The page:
Following institutions participated in the workshop: China Vehicle Emission Control Center (VECC) under the Chinese Ministry of Ecology and Environment (MEE), Sun Yat-Sen University, Jinan University, Shenzhen University, Hongkong University of Science and Technology, Nanjing Municipal Transportation Commission. Shenzhen Environmental Monitoring Station, Shenzhen Research Academy of Environmental Science, Shenzhen Ecology an Environment Bureau, Wuhan Research Institute for Transportation Development Strategy, and the Tianjin Municipal Transportation Commission.  

The workshop consisted of a training session and a roundtable discussion. In the technical training session, the experts of GIZ and INFRAS trained the participants on the application of HBEFA-China. The training included the detailed introduction of the model, the methodology of modeling development, application examples and practices. Afterwards, the experts shared their knowledge and experience on the topics of multi-scale vehicle inventories based on transport Big Data, real-time road traffic emission monitoring and elaborated on the need to formulate policy suggestions on the role of new energy vehicles (NEV) in emission quantification and modeling.

In the following roundtable session, the participating experts intensively discussed the future methods of the emission modelling, including the necessity to monitor individual vehicles for comprehensive modelling, the consideration of data security and data privacy and the targets as well as the feasibility of the policies and measures for monitoring. One of the major applications of the emission models is to project future transport and traffic development scenarios and to conduct comprehensive assessments.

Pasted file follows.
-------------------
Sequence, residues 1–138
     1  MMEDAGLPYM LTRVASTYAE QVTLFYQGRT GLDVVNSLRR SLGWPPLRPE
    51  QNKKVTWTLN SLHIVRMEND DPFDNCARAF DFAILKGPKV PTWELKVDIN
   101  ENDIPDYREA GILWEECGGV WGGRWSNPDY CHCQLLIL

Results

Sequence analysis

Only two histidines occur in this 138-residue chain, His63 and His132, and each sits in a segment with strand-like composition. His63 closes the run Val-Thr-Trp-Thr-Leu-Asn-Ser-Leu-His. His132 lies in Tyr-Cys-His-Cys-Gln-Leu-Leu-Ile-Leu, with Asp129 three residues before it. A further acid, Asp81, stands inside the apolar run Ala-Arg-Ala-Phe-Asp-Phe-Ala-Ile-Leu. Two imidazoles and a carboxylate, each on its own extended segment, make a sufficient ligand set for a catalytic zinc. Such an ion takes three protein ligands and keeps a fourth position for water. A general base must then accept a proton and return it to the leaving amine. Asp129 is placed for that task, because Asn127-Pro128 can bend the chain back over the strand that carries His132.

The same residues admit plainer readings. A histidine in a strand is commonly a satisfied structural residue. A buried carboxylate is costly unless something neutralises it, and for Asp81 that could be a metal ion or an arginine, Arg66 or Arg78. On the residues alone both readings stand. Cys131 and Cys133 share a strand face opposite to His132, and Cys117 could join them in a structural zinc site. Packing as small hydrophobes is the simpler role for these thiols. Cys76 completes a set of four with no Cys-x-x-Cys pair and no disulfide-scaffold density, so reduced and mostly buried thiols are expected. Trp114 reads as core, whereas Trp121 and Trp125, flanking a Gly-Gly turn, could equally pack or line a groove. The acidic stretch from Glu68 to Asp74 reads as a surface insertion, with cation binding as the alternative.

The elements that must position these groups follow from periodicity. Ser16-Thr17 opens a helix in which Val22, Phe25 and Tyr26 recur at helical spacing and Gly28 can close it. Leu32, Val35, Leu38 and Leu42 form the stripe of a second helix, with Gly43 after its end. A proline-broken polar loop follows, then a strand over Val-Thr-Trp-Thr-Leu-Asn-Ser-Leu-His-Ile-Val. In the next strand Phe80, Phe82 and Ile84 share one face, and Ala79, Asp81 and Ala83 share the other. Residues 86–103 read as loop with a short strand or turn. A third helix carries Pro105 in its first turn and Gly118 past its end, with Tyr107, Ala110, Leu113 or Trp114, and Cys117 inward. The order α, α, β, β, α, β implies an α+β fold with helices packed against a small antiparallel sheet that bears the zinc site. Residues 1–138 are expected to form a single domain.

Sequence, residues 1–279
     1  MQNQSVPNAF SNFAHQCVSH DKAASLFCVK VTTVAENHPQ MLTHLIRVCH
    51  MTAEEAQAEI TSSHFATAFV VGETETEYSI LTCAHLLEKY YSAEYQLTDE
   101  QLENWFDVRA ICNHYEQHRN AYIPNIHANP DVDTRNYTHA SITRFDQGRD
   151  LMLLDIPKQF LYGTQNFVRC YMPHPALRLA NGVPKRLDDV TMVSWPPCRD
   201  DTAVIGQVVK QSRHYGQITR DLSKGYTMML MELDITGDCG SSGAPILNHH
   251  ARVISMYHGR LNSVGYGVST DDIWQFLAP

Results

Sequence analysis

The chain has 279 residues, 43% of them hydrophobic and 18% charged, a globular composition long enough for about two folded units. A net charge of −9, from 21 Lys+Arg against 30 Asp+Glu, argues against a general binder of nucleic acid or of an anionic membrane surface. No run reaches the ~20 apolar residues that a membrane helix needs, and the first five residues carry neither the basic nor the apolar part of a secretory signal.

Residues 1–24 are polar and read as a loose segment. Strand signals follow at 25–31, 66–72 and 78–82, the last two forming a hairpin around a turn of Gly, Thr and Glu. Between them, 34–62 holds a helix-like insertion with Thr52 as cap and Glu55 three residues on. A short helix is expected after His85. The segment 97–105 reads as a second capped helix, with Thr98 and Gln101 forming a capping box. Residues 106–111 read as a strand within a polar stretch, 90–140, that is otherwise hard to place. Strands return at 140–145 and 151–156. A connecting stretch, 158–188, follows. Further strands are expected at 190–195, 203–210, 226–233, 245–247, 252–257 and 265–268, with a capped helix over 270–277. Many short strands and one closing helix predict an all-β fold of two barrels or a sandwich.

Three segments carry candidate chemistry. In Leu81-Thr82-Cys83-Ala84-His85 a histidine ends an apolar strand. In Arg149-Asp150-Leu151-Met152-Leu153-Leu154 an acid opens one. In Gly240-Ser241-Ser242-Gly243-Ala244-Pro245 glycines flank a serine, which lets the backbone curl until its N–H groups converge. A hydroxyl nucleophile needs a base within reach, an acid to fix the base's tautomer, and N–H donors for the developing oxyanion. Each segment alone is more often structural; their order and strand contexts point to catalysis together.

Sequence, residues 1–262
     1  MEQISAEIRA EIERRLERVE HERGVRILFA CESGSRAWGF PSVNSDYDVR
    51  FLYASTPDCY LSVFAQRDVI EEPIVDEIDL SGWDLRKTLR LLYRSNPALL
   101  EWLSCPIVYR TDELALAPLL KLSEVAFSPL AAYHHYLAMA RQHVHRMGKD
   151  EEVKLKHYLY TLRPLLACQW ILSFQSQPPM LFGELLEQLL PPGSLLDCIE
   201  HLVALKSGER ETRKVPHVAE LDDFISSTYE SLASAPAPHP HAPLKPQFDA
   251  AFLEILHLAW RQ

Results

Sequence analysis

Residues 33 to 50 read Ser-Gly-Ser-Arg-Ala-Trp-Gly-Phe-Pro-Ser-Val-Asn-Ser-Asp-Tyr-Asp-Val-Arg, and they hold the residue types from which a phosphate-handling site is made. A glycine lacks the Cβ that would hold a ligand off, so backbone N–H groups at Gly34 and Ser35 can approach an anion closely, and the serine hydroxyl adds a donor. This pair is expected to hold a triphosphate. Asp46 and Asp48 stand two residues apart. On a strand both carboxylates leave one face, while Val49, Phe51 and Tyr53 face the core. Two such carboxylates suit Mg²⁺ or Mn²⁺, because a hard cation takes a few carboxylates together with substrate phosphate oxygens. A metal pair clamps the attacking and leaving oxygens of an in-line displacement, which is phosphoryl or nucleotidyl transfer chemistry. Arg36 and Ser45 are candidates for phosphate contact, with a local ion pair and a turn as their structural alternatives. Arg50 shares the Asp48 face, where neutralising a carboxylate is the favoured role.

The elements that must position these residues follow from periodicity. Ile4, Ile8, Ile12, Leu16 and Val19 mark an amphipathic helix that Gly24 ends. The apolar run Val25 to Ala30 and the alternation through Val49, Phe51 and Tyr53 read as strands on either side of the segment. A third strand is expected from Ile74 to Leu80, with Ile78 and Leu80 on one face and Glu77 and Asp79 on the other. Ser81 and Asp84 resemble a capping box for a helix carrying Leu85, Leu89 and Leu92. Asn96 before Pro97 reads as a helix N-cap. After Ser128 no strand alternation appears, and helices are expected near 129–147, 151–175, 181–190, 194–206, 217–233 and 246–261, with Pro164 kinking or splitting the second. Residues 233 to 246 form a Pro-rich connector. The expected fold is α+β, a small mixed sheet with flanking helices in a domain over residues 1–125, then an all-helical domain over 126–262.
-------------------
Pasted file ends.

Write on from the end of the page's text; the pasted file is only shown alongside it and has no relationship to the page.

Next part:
The following conclusions were drawn by the experts:

  1. A database center needs to be established, in which the vehicle emission test data and the monitoring data from different sources can be shared between relevant stakeholders, aiming at a comprehensive validation of the emission models and related data.
  2. The cooperation not only between different governmental departments but also with the relevant transport industries is crucial for the effective operation of such a Big Data center.
  3. Further research on data collection, monitoring, processing and analysis is needed for the development of the Big Data center.
  4. The emission monitoring of the road vehicle, non-road mobile machinery and shipping is planned to be included into the upcoming 14th five-year plan of air pollution prevention and control (2021-2025), aiming at assessing if air quality in high traffic flow and large population areas meets standards and how much the effect of the measure is on the air quality.
  5. A guideline on systematic monitoring needs to be developed, including the standardized distribution of monitoring stations and sensors.
  6. The life cycle analysis of NEVs is key to support rational emission and fuel consumption estimation, especially regarding the energy structure and the use of air-conditioners in the NEVs.
  7. To project future carbon emissions, new vehicle technology, fleet composition and the number of vehicles are key factors to be considered.

GIZ will continue to cooperate with the Chinese partners on effectively developing and improving MRV systems to achieve low emission transport.

For further information, please contact Ms. Wu Yingjie, Technical Advisor of the Sino-German Cooperation on Low Carbon Transport.

Wu Yingjie is Technical Advisor to the project “Sino-German Cooperation on Low Carbon Transport”. She focuses on the topics of Sustainable Urban Mobility Planning and the development of national scenarios for low-carbon transportation.